When it Rains, it Pours: Parashat Behukotai

With Pesach the rain in Israel generally ends. But this past week we had quite a storm! The Hebrew language has multiple words for rain. Geshem is the most general word. Yoreh refers to the early rain. And malkosh the late rain. This week’s Torah portion, Behukotai, is one of many traditional Jewish sources that views rain as a reward to the Jewish people for obeying the commandments:

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Parashat Acharei Mot-K’doshim 5778

Virtually, the entire book of Leviticus imagines God speaking to Moses.  It is all instruction and no action.  One significant departure into narrative is a striking little tale begun in Chapters 9 and 10, the ordination of Aaron and his four sons as priests (kohanim) for the people Israel, and the disastrous action of two of the sons that lead to their fiery death. The story concludes six chapters later, with the Torah portion, Acharei Mot.  Depicted here—almost hidden among the thicket of priestly laws and regulations—is one of the most dramatic scenes in Torah: the first Day of Atonement.

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Thou Shalt Not Write People Off – Tazria Metzora 5778

The double-portion of Tazria-Metzora (Lev 12:1 – 15:33) presents a series of ritual purity instructions for Israelite priests, starting with procedures for women who have recently given birth, and shifting to the rules priests must follow to identify, quarantine, inspect, and ultimately, readmit to the community people with an ancient skin disease called tzara’at. In my first years working with b’nai mitzvah students, I repeatedly witnessed the disappointment of kids upon learning that Tazria-Metzora was their parashah. I would try to reassure them that, with help, they really would be able to find something relevant to their lives within these verses. The cultural distance, confusion, and even revulsion that many experience when encountering these parts of Leviticus are tough to overcome. And yet, with some cultural translation and an open mind, Leviticus can teach us a lot.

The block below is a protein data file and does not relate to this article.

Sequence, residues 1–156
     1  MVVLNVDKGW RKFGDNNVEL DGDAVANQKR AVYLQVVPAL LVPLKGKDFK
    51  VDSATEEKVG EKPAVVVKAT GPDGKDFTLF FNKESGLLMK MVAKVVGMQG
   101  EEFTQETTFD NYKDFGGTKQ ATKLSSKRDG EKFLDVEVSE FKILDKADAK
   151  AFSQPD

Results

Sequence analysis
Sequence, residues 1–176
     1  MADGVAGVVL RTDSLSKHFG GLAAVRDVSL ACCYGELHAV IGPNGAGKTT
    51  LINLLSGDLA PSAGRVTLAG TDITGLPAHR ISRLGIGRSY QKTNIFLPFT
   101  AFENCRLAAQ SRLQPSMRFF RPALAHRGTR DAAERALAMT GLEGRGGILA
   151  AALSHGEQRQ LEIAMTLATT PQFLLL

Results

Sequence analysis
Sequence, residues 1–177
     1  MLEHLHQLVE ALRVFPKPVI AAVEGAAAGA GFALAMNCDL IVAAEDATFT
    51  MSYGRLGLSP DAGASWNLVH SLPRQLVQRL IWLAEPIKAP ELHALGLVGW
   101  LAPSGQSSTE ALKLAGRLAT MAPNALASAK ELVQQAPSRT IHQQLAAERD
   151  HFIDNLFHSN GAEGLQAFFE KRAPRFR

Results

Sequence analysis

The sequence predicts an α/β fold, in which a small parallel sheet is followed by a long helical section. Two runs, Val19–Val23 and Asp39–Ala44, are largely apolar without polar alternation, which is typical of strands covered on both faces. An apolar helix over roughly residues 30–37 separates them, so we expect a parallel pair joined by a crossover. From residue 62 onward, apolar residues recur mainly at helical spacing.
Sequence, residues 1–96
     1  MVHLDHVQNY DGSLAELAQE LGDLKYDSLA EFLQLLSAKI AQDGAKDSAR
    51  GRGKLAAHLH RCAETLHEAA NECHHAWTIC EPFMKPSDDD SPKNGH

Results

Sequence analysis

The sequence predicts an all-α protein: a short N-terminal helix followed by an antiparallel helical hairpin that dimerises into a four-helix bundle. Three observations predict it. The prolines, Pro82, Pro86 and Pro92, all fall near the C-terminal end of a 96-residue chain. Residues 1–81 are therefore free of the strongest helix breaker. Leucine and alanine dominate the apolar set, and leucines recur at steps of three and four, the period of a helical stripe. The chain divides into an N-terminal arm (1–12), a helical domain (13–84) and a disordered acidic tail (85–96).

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Jews with Purpose and Direction

Sometimes change comes upon us in a flood without warning. On other occasions, we are warned beforehand, but often we don’t take heed of that inner voice giving us the preverbal heads-up. If we are to succeed in our endeavours and our future, we would do well to pay close attention to those little warnings (from that little voice within) that life provides us with.

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Let’s Clear Our Voices for Passover

Passover is on the way. Time to put away the hametz and get set for the “yumminess” provided by matzah. It’s not good enough to just avoid purchasing leavened goods; rather we must actively seek out any remnants of these items in the house and dispose of them. Or at the very least, loan them out. We engage our broomsticks and search for and sweep up those leftover crumbs. Just as important, we need to identify the metaphorical hametz that provides excuses for our inaction. This too ought to be a planned precise procedure. We know deep down in our hearts that in emerging from the winter months, we should gear ourselves up for renewal. Passover is a perfectly suited opportunity to inspire us to serve as advocates for a compassionate globe.